If you find any evidence of insect infestation, phone the 24/7 MPI Exotic Pest and Disease Hotline on 0800 80 99 66 and report it immediately.
 
More info is available on the MPI website.
 
For any questions, please contact VIA Technical Manager Malcolm Yorston on 0800 VIA VIA (842 842) or email technical@via.org.nz.
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EVs to cut oil consumption

The continued development of self-driving electric vehicles (EVs) and travel sharing are set to dent oil consumption by 2040, BP said in their annual Energy Outlook report.

Unlike previous BP Energy Outlooks, this year’s Outlook is described with reference to the ‘Evolving Transition’ scenario, which assumes that government policies, technologies and societal preference continue to evolve at a manner and speed similar to the recent past.

“BP’s strategy has to be resilient and adaptable to significant changes in the energy industry. This Outlook considers the possible implications of some of these changes and helps inform our long-term planning. We cannot predict where these changes will take us, but we can use this knowledge to get fit and ready to play our role in meeting the energy needs of tomorrow,” explains Bob Dudley, group chief executive.

Transport analysis

The oil and gas giant believes that there will be a 100-fold growth in electric vehicles by 2040, with its chief economist Spencer Dale painting a world in which we travel much more but instead of using private cars, we increasingly share trips in autonomous vehicles.

In the ET scenario, 30 per cent of car kilometres are powered by electricity by 2040 from almost zero in 2016. At the same time, the number of EVs is set to increase from 3 million today to over 320 million by 2040, representing roughly 15 per cent out of a total car fleet of 2 billion.

As a result, fuel demand from the car fleet is forecast to dip to 18.6 million barrels per day in 2040 from 18.7 million bpd in 2016, when it represented around one-fifth of total oil demand, according to BP.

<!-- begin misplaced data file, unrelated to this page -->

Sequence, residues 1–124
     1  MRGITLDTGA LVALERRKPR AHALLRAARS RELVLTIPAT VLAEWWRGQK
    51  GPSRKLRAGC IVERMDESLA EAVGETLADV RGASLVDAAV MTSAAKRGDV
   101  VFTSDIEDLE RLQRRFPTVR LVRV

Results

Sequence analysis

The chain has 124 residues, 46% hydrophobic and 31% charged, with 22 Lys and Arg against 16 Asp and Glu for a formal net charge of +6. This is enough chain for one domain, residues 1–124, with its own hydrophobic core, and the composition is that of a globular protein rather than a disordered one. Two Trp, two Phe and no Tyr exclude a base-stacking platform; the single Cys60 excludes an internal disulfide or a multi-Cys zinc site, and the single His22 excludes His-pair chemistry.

BP expects autonomous vehicles to become available in the early 2020s. Their initial high cost means the vast majority of the cars will be bought by fleets offering shared mobility services. The average electric car is expected to be driven about two and a half times more than an internal combustion car, according to Dale.

Fuel analysis

In the ET scenario, renewable energy is the fastest growing source of energy, accounting for over 40 per cent of the increase in energy supplies.

By 2040 oil, gas, coal, and non-fossil fuels are projected to each provide around a quarter of the world’s energy.

Natural gas grows much faster than either oil or coal, with its share in primary energy overtaking coal and converging on oil.

Oil will grow, although is projected to plateau in the 2030s. Coal consumption is broadly flat, with its share in primary energy declining to 21 per cent, the lowest since the industrial revolution.

“We are seeing growing competition between different energy sources, driven by abundant energy supplies, and continued improvements in energy efficiency. As the world learns to do more with less, demand for energy,” says Dale. 

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Porsche drops diesel engines from range

Porsche has ended production of all of its diesel-powered models in light of growing consumer scepticism over such vehicles and a growing interest in hybrid and pure electric technology.

Diesel powered versions of both the Panamera and Macan SUV have now been cut from the line-up – Porsche confirming that the final Macan S Diesel rolled off the firm’s production line last week, with all outstanding customer orders for the vehicle completed.